Industry-Sponsored Research Partnerships

In the United States asthma has reached epidemic proportions:

  • one in 12 adults and one in 11 children have asthma
  • nine people die every day from the disease

Asthma treatment at National Jewish Health helps address this health problem using a multidisciplinary and multispecialty care approach that integrates clinical and research efforts to deliver the best care possible and expedite the bench-to-bedside process resulting in successful asthma care, management and research.

We are dedicated to gaining a better understanding of asthma with the ultimate goal of discovering novel therapeutic options for patients with this challenging disease.

As one of the largest asthma specialty care centers in the world, we have nearly 30,000 patient visits annually, a varied asthma patient population, and a multitude of ongoing asthma research endeavors.

Clinical Asthma Program

As one of the nation’s top respiratory centers, National Jewish Health treats more than 7,500 asthma patients annually and offer the most comprehensive and individualized range of treatment programs available for patients annually with mild to severe asthma. We utilize a multidisciplinary approach, tailored diagnostics and therapeutics, patient education and psychological treatment to help patients gain control over their disease and dramatically improve their quality of life.
Learn more about our Adult Asthma Program Learn more about our Pediatric Asthma Program  

Clinical Asthma Research

Asthma research at National Jewish Health is made possible through funding from a wide variety of sources such as the National Institutes of Health, the National Heart, Lung and Blood Institute (NHLBI), Medicare, industry sponsors and private donors.

Our investigators are part of the NHLBI’s Asthma Clinical Research Network (Asthmanet), the American Lung Association Clinical Research Consortium and are leaders in asthma clinical trials.

Asthma Scientific Discoveries at National Jewish Health

  • IgE, the molecule - this discovery has become the basis for many new treatments for asthma and allergies.
  • Mechanisms of apoptosis - pioneering efforts led us to understand how the body effectively removes and recycles up to two billion cells a day and resolves inflammation in the lung.
  • Immune response trigger - research revealed that fragments of proteins from invading organisms bound to and presented by MHC molecules triggers the adaptive immune response.
  • The immunological synapse – our scientists found the complex and long-lived connection between immune-system cells that greatly influences the immune response.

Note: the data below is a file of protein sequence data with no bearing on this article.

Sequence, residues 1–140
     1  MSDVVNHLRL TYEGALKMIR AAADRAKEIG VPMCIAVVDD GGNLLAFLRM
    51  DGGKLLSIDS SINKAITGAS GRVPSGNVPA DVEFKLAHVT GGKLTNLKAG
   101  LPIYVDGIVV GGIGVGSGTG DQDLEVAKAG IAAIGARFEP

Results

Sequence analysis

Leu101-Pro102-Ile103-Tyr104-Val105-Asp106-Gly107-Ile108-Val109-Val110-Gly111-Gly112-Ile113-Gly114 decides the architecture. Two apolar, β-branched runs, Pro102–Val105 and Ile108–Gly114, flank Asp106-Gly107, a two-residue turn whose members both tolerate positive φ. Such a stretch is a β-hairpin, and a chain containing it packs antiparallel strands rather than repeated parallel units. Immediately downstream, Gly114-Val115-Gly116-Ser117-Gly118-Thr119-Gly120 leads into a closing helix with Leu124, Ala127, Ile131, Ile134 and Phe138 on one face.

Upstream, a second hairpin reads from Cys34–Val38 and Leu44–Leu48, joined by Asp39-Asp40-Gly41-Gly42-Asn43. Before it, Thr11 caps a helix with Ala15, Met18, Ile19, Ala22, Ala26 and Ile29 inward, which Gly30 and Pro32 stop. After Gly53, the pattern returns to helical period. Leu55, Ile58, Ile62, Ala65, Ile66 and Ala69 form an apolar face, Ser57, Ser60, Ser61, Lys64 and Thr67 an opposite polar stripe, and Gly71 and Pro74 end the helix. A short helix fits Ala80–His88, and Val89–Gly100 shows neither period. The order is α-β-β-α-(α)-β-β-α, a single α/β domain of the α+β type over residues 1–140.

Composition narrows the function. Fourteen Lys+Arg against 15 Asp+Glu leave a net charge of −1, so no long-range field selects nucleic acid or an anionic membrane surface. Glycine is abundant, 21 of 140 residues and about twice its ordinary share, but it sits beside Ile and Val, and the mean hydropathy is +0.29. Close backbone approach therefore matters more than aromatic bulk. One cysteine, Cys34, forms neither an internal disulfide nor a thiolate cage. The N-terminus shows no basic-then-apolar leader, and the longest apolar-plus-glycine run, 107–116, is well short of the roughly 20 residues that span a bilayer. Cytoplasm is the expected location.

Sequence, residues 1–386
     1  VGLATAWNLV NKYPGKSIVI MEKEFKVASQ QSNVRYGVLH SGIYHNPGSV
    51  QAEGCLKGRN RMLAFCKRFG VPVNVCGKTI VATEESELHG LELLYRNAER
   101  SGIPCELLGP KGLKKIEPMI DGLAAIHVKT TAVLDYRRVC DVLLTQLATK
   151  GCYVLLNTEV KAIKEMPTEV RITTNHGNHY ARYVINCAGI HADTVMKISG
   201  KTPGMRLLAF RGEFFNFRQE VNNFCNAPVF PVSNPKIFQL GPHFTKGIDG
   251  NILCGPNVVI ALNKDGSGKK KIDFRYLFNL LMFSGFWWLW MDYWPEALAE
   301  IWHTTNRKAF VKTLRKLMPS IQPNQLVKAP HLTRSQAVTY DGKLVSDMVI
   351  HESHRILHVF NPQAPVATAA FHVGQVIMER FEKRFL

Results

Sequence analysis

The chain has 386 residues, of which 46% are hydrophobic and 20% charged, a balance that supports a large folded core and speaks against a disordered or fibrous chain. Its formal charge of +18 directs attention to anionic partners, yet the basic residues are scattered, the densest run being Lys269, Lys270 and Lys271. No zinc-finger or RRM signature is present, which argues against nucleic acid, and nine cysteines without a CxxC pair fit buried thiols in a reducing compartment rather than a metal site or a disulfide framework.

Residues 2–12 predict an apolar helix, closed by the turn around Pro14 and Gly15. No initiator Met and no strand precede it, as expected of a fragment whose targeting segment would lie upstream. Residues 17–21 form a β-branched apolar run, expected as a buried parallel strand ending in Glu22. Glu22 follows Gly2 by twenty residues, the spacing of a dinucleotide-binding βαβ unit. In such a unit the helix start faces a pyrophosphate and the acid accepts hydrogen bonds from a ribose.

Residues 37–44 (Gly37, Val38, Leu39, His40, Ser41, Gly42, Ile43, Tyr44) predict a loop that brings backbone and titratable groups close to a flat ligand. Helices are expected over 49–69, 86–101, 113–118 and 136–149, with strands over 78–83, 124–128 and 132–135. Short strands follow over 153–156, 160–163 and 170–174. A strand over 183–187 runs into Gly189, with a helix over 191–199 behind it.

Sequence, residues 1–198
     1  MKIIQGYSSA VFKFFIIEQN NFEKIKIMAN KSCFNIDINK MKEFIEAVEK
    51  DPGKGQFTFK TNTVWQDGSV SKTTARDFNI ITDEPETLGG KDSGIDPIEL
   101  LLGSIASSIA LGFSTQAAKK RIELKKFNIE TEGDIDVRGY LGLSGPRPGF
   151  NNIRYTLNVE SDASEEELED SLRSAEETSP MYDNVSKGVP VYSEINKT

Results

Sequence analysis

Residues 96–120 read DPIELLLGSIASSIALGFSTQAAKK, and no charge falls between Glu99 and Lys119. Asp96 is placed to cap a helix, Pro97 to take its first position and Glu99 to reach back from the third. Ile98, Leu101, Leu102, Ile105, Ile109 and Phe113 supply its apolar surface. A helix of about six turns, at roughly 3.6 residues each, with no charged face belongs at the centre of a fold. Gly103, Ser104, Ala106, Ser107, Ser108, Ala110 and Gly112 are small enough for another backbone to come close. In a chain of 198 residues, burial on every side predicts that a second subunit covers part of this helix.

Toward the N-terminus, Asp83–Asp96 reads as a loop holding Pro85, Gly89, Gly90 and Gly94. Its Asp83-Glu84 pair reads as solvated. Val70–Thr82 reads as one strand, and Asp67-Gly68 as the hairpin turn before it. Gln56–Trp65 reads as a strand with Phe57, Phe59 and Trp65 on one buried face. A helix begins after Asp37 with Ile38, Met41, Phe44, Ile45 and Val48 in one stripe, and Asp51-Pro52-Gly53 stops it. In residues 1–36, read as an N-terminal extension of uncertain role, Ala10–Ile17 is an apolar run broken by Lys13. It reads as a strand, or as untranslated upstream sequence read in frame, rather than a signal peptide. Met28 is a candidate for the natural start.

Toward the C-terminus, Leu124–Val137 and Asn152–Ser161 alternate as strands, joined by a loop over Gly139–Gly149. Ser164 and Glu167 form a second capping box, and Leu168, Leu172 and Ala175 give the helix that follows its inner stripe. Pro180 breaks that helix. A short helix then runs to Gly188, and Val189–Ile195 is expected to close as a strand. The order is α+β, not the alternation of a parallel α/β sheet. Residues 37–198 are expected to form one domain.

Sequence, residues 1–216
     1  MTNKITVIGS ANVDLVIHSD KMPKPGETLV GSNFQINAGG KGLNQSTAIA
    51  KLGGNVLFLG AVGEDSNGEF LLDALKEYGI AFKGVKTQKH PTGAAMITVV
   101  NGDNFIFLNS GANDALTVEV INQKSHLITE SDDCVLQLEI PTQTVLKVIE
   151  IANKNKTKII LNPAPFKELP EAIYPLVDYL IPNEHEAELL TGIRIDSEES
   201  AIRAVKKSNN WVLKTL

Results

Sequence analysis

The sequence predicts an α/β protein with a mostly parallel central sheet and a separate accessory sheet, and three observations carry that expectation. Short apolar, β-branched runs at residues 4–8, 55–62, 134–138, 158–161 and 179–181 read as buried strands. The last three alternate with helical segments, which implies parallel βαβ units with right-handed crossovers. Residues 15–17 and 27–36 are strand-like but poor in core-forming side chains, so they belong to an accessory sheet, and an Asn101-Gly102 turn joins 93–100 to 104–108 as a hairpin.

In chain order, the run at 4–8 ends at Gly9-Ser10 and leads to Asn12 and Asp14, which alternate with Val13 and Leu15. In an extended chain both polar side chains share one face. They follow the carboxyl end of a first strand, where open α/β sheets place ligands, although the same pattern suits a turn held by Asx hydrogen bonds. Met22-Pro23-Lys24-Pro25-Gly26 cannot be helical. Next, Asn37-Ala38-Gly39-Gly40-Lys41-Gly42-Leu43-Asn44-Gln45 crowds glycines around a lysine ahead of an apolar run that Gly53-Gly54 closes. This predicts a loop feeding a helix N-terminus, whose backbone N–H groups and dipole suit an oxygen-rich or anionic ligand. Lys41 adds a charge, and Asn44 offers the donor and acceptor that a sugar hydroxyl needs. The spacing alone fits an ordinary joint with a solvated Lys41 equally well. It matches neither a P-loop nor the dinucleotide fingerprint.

• New family of anti-viral agents – research proved that a naturally occurring lipid fights viral infections and related inflammation in the lungs.

Asthma Clinical Research Areas of Interest

  • Development of novel therapies and biologics for asthma
  • Molecular, cellular and animal model approaches to understand the mechanism of asthma
  • Psychosocial aspects of disease management
  • Quality of life factors
  • Accurate diagnostic tool development
  • Environmental factors
  • Genetic factors

Asthma Biorepository

National Jewish Health developed an asthma biorepository that includes nearly 2,000 adult patient biological and tissue samples tied to phenotypic information that can lead to new discoveries in genotyping, pharmacology, and treatments that optimize each patient’s asthma care and quality of life.

Asthma Basic Science

Asthma researchers at National Jewish Health conduct important basic science research that has improved our understanding of the underlying biologic causes of asthma. Importantly, NJH researchers are utilizing this research to translate findings into humans.

Asthma Translational Research Resources

  • Novel human lung cell systems
  • Genetic animal models of pulmonary disease
  • Animal pulmonary physiology
  • Animal inhalation exposure systems
  • Active drug development program
  • Asthma Pharmacogenetics

Asthma Animal Models and Cell Cultures

National Jewish Health investigators use several animal models and an extensive collection of cell cultures available from patients with asthma to study aspects of the underlying mechanisms of asthma development and to gain insight into systems biology and into asthma pathogenesis.